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The Best Of The Last

Portlandia Goes Out With A Bang

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The end is near. In mere days Portlandia wraps up its final season, and oh what a season it’s been. Lucky for you, you can watch the entire season right now right here and on the IFC app, including this free episode courtesy of Subaru.

But now, let’s take a moment to look back at some of the new classics Fred and Carrie have so thoughtfully bestowed upon us. (We’ll be looking back through tear-blurred eyes, but you do you.)

Couples Dinner

It’s not that being single sucks, it’s that you suck if you’re single.

Cancel it!

A sketch for anyone who has cancelled more appointments than they’ve kept. Which is everyone.

Forgotten America

This one’s a “Serial” killer…everything both right and wrong about true crime podcasts.

Wedding Planners

The only bad wedding is a boring wedding.

Disaster Hut

It’s only the end of the world if your doomsday kit doesn’t include rosé.

Catch up on Portlandia’s final episodes on demand and at

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Your Portlandia Personality Test

The New Portlandia Webseries Is Going Your Way

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Carrie and Fred understand that although we have so much in common, we’re each so beautifully unique and different. To help us navigate those differences, Portlandia has found an easy and honest way to embrace our special selves in the form of a progressive new traffic system: a specific lane for every kind of driver. It’s all in honor of the show’s 8th and final season, and it’s all presented by Subaru.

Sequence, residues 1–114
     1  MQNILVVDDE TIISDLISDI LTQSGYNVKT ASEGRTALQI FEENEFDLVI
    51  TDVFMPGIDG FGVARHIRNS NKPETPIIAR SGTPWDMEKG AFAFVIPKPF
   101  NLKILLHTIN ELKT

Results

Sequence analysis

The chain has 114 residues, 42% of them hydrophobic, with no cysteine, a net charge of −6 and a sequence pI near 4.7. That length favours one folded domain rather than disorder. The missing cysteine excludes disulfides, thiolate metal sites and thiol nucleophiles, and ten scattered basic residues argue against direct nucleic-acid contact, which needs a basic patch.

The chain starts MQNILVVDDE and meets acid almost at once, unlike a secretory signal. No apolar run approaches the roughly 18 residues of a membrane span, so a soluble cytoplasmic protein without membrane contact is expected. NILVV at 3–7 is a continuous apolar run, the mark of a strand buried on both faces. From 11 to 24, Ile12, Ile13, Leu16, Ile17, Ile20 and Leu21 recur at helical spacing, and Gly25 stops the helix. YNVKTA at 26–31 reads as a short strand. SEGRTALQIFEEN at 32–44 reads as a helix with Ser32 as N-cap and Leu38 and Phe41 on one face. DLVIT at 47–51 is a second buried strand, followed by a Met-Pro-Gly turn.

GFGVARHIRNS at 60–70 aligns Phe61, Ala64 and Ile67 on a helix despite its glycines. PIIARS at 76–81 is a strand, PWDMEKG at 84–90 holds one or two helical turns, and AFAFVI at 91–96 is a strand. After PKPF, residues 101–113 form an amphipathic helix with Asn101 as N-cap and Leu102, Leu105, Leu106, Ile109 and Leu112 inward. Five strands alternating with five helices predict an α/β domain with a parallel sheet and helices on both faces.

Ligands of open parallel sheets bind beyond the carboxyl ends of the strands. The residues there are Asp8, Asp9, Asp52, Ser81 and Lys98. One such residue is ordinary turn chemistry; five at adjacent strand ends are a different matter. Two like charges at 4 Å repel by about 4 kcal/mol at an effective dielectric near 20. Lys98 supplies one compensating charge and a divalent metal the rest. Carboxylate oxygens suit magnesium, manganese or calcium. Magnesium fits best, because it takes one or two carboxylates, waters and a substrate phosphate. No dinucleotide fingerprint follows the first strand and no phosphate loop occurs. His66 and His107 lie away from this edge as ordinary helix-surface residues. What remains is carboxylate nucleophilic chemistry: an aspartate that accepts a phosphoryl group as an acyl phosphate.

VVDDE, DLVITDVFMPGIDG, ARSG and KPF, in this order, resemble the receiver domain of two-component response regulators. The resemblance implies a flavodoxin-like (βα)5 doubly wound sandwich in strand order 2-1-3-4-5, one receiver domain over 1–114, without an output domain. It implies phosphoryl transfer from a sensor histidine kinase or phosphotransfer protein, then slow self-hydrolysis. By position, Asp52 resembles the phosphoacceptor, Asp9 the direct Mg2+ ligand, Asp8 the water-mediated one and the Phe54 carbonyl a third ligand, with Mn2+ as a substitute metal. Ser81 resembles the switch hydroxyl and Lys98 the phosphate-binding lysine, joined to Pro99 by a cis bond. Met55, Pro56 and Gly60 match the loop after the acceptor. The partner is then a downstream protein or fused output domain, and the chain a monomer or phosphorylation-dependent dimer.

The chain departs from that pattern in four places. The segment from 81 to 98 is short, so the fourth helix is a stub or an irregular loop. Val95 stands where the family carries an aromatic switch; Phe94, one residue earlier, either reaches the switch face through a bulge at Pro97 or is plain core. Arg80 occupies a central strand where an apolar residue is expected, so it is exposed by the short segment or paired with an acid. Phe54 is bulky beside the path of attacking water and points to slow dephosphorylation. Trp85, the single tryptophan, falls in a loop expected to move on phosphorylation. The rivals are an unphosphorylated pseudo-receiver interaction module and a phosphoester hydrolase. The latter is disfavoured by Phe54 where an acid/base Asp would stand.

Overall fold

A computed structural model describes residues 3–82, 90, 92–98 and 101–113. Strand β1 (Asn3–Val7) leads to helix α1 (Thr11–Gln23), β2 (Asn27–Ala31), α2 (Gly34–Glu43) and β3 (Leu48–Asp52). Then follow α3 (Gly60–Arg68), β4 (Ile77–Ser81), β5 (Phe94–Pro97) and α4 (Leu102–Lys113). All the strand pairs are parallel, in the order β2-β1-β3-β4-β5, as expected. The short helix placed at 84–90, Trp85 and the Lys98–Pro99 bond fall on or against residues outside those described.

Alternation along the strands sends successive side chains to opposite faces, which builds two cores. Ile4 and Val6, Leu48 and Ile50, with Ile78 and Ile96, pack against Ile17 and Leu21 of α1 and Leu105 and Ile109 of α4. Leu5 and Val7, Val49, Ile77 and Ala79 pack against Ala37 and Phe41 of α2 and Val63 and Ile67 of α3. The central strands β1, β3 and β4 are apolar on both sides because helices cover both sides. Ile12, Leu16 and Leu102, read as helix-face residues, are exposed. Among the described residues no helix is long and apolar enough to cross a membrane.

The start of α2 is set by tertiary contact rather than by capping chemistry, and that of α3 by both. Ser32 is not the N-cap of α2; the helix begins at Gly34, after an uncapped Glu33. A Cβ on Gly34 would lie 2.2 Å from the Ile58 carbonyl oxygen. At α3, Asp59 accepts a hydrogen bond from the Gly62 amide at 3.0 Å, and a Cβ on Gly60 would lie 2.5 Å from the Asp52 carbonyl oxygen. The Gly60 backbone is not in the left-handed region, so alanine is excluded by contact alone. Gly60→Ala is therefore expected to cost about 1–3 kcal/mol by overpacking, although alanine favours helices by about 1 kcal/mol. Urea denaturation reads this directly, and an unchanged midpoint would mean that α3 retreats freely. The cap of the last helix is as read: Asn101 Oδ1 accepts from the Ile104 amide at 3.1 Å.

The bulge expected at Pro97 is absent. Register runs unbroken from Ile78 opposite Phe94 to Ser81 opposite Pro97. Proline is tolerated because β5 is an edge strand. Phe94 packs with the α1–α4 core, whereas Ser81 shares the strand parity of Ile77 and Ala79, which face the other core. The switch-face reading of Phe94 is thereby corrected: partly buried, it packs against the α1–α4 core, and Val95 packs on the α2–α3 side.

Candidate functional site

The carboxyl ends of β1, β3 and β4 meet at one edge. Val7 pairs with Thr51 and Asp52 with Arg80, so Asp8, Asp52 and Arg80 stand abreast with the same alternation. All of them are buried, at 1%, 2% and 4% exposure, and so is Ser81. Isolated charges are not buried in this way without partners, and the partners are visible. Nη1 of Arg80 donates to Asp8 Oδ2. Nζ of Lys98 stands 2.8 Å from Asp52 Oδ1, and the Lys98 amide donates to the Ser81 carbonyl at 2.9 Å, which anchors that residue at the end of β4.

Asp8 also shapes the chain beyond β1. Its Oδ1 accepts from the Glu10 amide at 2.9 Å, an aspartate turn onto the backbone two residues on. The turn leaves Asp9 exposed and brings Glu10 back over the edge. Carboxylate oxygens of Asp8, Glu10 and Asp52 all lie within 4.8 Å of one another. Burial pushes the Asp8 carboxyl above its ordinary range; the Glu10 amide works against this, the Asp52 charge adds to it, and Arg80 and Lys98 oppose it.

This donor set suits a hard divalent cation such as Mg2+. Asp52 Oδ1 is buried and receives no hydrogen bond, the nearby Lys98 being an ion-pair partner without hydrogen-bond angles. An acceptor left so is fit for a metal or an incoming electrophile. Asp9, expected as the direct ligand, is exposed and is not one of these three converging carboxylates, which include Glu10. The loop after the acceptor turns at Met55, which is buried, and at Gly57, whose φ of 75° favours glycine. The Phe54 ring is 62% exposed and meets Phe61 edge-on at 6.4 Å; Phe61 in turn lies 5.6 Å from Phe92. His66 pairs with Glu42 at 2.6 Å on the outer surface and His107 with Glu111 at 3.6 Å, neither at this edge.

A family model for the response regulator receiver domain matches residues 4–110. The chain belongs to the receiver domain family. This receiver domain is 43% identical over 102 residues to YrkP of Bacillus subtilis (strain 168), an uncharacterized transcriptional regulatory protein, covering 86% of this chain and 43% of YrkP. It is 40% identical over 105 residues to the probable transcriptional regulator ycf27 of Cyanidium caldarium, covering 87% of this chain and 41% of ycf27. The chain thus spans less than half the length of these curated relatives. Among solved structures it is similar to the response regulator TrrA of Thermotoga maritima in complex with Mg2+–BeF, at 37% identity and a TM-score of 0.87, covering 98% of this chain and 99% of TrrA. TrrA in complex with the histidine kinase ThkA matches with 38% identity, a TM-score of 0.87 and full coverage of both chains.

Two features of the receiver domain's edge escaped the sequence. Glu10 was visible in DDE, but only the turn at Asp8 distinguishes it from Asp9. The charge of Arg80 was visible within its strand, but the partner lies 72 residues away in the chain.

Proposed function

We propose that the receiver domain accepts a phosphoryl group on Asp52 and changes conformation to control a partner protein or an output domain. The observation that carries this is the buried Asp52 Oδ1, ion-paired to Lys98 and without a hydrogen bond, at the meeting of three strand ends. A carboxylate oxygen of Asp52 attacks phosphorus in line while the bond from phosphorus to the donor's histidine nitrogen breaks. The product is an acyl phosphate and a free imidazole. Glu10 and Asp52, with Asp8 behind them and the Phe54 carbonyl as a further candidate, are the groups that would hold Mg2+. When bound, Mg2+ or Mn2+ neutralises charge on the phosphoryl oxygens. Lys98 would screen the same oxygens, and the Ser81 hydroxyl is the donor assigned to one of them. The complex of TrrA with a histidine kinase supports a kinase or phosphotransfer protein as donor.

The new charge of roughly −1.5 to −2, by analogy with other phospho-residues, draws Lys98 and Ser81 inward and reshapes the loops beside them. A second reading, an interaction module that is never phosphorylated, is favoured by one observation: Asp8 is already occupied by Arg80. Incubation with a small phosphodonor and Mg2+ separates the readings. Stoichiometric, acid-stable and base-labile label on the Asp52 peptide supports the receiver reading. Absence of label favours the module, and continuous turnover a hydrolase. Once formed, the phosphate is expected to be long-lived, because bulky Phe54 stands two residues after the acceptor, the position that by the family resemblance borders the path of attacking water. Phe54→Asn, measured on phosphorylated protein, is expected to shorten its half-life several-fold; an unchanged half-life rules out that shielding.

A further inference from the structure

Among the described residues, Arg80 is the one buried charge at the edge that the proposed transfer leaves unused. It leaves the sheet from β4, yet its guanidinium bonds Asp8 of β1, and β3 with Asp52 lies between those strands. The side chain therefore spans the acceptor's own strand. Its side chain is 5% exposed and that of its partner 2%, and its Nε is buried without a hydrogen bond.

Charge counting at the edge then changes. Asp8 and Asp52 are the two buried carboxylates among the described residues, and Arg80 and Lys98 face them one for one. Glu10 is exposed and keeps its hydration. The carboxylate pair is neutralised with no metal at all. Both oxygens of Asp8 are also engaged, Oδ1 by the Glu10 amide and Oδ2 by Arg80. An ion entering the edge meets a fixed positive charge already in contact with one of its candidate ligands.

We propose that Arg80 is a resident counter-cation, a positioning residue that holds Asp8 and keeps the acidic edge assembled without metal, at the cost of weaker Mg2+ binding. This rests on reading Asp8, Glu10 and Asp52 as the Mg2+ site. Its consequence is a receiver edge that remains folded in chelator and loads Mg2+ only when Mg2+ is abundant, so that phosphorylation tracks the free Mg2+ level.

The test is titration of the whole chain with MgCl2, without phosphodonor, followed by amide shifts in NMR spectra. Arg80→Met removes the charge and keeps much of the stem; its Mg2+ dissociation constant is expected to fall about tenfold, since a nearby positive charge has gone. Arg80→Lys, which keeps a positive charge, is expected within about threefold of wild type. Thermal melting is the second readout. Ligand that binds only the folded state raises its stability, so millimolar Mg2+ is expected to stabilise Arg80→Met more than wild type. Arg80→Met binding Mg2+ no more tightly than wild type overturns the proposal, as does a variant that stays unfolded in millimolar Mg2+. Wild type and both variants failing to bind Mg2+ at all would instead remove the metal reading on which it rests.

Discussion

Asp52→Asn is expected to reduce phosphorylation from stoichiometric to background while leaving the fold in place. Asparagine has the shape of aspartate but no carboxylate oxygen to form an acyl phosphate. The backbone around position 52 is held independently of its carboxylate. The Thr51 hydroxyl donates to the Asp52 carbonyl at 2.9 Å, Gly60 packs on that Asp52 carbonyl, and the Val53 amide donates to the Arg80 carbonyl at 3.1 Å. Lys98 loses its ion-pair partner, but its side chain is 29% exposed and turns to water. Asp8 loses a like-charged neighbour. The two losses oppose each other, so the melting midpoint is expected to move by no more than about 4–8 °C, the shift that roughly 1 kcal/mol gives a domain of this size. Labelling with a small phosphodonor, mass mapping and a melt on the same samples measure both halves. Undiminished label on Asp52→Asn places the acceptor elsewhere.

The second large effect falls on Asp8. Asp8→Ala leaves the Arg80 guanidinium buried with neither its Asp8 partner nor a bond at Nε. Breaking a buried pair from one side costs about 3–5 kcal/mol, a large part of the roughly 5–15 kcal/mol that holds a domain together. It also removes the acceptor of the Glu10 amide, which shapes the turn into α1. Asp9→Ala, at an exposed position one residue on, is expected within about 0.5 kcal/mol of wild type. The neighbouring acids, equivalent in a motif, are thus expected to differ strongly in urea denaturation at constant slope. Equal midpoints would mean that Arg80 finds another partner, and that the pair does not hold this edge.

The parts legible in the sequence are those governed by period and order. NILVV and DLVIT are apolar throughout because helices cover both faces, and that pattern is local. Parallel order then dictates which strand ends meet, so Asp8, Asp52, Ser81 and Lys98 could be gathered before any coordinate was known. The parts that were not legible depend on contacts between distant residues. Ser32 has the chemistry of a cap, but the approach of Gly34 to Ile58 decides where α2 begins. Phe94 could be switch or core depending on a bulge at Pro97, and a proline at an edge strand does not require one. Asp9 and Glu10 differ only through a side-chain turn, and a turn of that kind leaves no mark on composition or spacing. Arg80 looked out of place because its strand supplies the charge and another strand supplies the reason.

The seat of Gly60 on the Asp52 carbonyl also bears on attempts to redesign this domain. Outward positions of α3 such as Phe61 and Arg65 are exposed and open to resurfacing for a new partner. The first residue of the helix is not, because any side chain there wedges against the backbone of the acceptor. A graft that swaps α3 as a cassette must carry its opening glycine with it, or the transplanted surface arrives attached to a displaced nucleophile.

Ready to find out who you really are? Match your personality to a lane and hop on the expressway to self-understanding.

Lane 10: Trucks Piled With Junk

Your junk is falling out of your trunk. Shake a tail light, people — this lane is for you.

Lane 33: Twins

You’re like a Gemini, but waaaay more pedestrian. Maybe you and a friend just wear the same outfits a lot. Who cares, it’s just twinning enough to make you feel special.

Lane 27: Broken Windows

Bad luck follows you around and everyone knows it. Your proverbial seat is always damp from proverbial rain. Is this the universe telling you to swallow your pride? Yes.

Lane 69: Filthy Cars

You’re all about convenience. Getting your car washed while you drive is a no-brainer.

Lane 43: Newly Divorced Singles

It’s been a while since you’ve driven alone, and you don’t know the rules of the road anymore. What’s too fast? What’s too slow? Are you sending the right signals? Don’t worry, the breakdown lane is nearby if you need it.

Still can’t find a lane to match your personality? Check out all the videos here. And see the final season of Portlandia this spring on IFC.

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Last-Minute Holiday Gift Guide

Hits from the '80s are on repeat all Christmas Eve and Day on IFC.

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GIFs via Giphy, Photos via The Everett Collection